Ruth Pollard

Are Foreign Fighters a Blessing or a Curse for Ukraine?

Ukraine has most of the world on its side. It now has as many as 20,000 foreign fighters, too.

From former members of the US, British and Canadian militaries to citizens from Japan, Jamaica and Europe and an Edinburgh grandfather, volunteer soldiers from across the globe have signed up — at the invitation of President Volodymyr Zelenskiy himself — to help fight Russia’s invasion. Many are arriving at the borders with suitcases full of medicines and other first aid material, ready-to-eat meals, helmets and body armor. They’ve been joined by an influx of Ukrainians living abroad who are returning to fight for their home country.

With images flooding social media of the aftermath of a Russian airstrike on a maternity hospital in Mariupol and some 400,000 citizens still trapped in the besieged city, it is easy to see how such suffering could compel people to act. But will this be a blessing or a curse for Ukraine and for the rest of the world?

Previous conflicts have inspired similar outpourings of service but have also left rancorous legacies. The “anti-Soviet jihad” in Afghanistan in the 1980s — the first modern conflict to see high levels of foreign-fighter participation — was the genesis of a global militant community. Volunteers also mobilized a decade later in Bosnia and Chechnya. As the Center for Strategic and International Studies noted, many of these were veterans of Afghanistan or were funneled into the Balkans by guerrilla networks that had sprung up in Afghanistan.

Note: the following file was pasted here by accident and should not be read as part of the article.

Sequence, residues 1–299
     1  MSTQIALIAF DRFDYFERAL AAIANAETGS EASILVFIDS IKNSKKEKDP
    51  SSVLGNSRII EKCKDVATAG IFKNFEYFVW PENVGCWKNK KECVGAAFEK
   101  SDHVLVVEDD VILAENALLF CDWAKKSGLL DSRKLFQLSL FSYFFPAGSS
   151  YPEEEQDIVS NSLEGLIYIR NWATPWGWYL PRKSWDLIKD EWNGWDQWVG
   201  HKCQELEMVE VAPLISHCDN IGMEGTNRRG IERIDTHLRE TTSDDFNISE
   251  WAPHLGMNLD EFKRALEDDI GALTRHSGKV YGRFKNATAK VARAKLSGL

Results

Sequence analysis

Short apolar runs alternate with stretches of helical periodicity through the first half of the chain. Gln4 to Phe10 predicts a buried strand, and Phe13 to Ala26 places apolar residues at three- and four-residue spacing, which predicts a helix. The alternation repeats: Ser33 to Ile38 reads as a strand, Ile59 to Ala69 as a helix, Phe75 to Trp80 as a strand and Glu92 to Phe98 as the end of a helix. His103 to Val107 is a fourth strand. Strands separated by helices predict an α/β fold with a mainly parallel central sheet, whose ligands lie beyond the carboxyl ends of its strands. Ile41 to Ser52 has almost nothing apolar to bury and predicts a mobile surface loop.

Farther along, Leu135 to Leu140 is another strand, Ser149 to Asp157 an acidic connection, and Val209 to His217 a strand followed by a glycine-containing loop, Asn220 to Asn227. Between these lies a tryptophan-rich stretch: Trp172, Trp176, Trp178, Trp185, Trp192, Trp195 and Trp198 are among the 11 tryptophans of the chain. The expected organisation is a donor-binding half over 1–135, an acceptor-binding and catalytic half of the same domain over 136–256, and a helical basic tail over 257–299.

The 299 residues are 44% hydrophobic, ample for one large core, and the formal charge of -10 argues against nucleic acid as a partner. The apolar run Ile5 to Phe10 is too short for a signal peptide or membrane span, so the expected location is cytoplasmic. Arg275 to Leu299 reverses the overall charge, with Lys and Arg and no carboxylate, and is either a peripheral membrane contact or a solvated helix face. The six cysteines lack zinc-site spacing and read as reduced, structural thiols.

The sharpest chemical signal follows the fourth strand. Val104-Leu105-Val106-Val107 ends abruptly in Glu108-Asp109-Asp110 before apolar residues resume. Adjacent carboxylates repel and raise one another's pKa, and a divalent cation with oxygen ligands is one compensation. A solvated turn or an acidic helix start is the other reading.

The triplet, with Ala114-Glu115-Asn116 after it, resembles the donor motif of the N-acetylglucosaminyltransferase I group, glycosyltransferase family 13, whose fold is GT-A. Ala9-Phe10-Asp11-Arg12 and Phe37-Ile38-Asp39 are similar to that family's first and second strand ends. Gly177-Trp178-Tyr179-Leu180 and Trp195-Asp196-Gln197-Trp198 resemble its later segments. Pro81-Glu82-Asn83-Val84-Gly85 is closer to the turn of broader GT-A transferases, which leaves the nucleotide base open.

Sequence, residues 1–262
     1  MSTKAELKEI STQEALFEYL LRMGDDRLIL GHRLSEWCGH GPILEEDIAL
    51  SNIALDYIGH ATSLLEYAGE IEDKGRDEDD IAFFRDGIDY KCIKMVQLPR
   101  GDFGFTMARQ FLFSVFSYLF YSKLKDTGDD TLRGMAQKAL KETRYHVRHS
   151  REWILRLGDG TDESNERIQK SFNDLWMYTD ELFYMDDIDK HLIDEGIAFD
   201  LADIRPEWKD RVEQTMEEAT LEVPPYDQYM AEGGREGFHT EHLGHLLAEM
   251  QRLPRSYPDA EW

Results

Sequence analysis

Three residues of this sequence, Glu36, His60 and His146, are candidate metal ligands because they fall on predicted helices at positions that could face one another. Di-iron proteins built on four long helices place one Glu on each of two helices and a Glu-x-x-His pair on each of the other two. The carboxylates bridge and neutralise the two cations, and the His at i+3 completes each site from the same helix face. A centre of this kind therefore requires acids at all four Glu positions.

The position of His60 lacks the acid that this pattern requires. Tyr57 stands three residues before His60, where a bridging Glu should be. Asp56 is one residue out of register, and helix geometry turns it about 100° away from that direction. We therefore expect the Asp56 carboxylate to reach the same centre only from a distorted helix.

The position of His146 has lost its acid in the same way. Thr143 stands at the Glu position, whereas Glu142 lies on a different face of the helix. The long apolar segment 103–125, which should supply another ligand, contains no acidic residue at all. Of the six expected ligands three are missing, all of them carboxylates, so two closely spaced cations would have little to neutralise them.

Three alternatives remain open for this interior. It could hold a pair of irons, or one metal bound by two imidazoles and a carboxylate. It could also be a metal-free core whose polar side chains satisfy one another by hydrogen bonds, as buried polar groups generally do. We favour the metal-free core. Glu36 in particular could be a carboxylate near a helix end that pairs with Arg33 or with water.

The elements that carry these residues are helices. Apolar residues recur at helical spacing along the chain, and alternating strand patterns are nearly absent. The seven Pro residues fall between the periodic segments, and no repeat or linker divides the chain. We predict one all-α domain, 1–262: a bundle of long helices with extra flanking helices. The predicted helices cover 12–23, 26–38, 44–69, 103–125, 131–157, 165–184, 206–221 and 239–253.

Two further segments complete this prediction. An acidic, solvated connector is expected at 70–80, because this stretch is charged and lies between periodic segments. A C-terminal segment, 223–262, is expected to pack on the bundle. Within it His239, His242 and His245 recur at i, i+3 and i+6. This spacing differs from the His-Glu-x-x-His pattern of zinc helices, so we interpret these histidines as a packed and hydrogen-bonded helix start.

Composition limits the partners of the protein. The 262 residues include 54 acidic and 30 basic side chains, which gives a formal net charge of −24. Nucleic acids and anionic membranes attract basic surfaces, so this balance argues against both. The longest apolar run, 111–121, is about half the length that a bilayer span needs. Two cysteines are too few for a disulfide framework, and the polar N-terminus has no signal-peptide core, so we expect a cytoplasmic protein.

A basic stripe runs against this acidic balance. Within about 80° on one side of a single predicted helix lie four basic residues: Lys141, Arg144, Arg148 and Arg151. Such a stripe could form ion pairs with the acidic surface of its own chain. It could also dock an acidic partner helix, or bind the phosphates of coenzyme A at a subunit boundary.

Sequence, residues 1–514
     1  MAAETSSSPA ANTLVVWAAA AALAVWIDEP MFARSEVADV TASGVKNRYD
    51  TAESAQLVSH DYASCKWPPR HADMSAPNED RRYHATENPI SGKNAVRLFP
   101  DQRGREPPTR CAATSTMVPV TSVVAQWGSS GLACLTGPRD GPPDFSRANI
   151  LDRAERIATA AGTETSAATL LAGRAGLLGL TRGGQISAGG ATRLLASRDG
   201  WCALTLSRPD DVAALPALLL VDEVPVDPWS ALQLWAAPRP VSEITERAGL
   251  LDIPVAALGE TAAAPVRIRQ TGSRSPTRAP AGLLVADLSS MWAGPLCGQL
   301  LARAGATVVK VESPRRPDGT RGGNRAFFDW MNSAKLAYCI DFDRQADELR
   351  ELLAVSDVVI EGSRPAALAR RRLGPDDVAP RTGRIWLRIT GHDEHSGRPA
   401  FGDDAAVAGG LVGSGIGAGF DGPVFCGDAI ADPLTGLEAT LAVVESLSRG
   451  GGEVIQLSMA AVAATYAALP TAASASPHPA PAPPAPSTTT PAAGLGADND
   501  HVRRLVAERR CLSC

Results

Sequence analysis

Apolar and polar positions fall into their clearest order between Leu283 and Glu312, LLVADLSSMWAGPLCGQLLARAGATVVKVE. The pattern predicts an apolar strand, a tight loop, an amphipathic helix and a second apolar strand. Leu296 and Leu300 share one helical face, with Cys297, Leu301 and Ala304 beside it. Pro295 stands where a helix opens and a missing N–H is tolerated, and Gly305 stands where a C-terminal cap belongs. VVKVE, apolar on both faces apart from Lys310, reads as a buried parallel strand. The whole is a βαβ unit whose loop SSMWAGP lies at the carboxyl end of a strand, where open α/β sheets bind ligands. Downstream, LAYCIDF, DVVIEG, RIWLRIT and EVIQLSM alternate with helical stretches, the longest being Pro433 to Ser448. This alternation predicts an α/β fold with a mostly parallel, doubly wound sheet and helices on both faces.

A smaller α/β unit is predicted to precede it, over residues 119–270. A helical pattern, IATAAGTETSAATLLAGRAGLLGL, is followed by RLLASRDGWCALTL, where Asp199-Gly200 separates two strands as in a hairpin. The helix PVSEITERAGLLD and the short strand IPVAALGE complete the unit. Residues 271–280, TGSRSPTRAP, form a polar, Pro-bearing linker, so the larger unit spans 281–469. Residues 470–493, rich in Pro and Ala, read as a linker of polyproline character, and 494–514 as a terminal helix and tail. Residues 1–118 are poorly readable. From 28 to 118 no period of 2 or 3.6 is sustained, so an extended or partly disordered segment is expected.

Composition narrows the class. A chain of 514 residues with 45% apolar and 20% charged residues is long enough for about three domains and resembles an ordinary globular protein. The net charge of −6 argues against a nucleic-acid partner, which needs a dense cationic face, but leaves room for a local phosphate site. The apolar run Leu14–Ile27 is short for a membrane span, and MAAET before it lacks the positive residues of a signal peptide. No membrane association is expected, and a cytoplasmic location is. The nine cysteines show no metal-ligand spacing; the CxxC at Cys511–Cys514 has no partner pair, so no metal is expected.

Reporting from the Syrian conflict, I interviewed men from Europe to Australia, Central Asia, the Middle East and North Africa who had flocked to fight alongside the then-pro-democratic rebel forces aiming to bring down the brutal regime of President Bashar al-Assad. The Kurdish struggle for independence continues to attract people from around the globe willing to fight for their cause. Internationals also enlisted with more hardline groups across Syria like the Al-Qaeda-linked Jabhat al-Nusra, while ISIS used social media to draw nearly 40,000 foreign fighters from around 120 nations.

But the risk of complications from this influx of fighters is high. Most who arrive in Ukraine’s shattered cities won’t have the combat experience of a marine, or indeed any skill set that would be useful in this conflict. And they probably won’t speak the language. Some will be captured, some will die and many will return home physically injured and emotionally traumatized after serving with the International Legion of Defense of Ukraine.

In terms of the battle for dominance of the information war, Zelenskiy’s call has, so far, been effective. The number of foreign fighters is a tangible demonstration of global support. It’s galvanized the international community and boosted the morale of the Ukrainian resistance, said Lydia Khalil, a research fellow at the Sydney-based Lowy Institute who holds an academic appointment with the Alfred Deakin Institute at Deakin University.

“There are military veterans and others with special skills who are signing up, but there are also many others with no combat experience or training who will be a risk and limited value,” Khalil told me. “Some foreign fighters are also bypassing official Ukrainian government processes and going straight to the front or joining up with militias.”